I have a fascination with artistic enclaves - artists who are genuinely friends, colleagues and peers who choose to hang out because they like and are inspired by one another. Probably I first came across it with the Algonquin Table (and I've wanted to be in a group like that ever since) but I also read that Hemmingway hung out on the Left Bank doing the same thang.
When I go to (masters) art exhibitions, I usually spend a bit of time at the beginning of the showing reading the blurbs and checking out where the artist lived, what art schools they went to, and what groups they hung out in. I love being able to spot the influences of other artists in work and I love seeing how art evolves and responds as artists speak to one another or become influenced by one another. I love the synergy of it. Probably part of that comes from my mother and uncle who have a great love of literature, history and art and have always taught me general knowledge type things within that context, "You have to understand that whilst this was happening, over there blah blah blah was going on." That kind of information always seems so much more interesting when presented as like, gossip.
A couple of months ago, I was watching Capote and was happily surprised to discover that his very good friend was Harper Lee. I didn't know that before. A bit of wiki and googling about told me that they were the best of friends from childhood and that she helped him with a lot of the research and interviews that he did for In Cold Blood. I've never had any interest in reading To Kill a Mockingbird - I've never thought that was a book I would be able to read for fun. And I was in the other English stream at school and missed it. Now though, I find that I MUST read it and read it and Capote's work in the context of each other - that they were friends and would have influenced each other in perhaps overt and subversive ways.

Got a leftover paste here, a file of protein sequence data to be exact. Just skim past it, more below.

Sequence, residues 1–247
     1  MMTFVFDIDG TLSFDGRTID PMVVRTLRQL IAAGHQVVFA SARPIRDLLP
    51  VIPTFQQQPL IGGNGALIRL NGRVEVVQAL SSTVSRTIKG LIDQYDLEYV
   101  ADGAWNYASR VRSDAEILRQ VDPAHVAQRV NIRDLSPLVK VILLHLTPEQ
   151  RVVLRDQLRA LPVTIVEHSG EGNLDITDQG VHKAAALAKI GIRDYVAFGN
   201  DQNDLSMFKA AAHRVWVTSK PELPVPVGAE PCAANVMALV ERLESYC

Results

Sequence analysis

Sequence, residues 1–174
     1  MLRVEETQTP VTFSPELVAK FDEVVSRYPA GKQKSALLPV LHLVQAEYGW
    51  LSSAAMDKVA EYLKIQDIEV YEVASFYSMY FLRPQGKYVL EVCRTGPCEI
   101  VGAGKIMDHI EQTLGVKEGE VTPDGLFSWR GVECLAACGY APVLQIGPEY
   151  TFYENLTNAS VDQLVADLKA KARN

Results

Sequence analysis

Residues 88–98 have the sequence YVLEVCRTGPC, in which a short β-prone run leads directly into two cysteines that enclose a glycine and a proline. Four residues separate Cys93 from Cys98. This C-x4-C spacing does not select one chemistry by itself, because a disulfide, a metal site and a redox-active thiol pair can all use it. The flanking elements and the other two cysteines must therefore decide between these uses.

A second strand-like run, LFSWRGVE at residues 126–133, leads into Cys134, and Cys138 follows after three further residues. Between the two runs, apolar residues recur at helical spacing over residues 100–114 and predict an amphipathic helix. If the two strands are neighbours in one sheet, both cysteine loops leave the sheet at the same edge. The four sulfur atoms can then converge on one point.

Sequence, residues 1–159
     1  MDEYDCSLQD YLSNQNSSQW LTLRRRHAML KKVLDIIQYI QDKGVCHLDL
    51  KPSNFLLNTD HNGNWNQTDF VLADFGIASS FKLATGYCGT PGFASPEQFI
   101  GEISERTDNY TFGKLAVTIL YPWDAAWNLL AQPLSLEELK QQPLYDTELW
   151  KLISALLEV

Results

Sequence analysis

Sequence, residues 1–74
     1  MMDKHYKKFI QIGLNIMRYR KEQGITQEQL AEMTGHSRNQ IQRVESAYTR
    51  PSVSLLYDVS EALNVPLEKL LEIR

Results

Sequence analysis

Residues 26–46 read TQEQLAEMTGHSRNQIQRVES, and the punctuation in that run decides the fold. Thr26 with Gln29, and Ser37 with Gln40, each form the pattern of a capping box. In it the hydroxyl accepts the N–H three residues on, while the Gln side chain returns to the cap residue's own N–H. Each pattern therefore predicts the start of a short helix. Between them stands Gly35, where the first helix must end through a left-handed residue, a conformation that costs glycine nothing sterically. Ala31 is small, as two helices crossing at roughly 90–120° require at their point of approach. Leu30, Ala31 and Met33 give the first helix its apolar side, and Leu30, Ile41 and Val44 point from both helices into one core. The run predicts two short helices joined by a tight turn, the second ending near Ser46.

This kind of thing had me thinking about the Aussie SF scene a bit. There's something about having an idea and having someone to bounce it off or tinker with it and then throw it back at you. You only have to look at the success of the members of a group like RoR to see it can work. I often say that yeah, it depends on who's in the group, not every group can be successful. But I do really think that work that comes out of groups like that, and I don't mean team efforts, I mean work that comes as a result of being part of a vibrant, supportive and dynamic peer group, feels more ... alive? interesting? We all want to be cutting edge. I think having people right on the line and to kinda give you a shove every now and then in return for being shoved, is a lot of what that's about.
Twelfth Planet Press has evolved in this way - I'm influenced by those around me. I'm privvy to all sorts of thoughts and view points and I have peers whom I really respect that I can shoot ideas off to and say, "what do you think". And we often ideas for future projects come from an afternoon or evening of drinks and shooting the breeze. I think a really important part of my growth has been asking for feedback and actively taking it on board. I have a lot of people who offer ideas for the tinkering or who will help me figure out how to tinker with something. And I am lucky to be in a little enclave that shoves or kicks me in the arse more than every now and then. Probably I could use a bit more absynthe to get it just about right. I at least have a few Dorothy Parkers in my daily life :P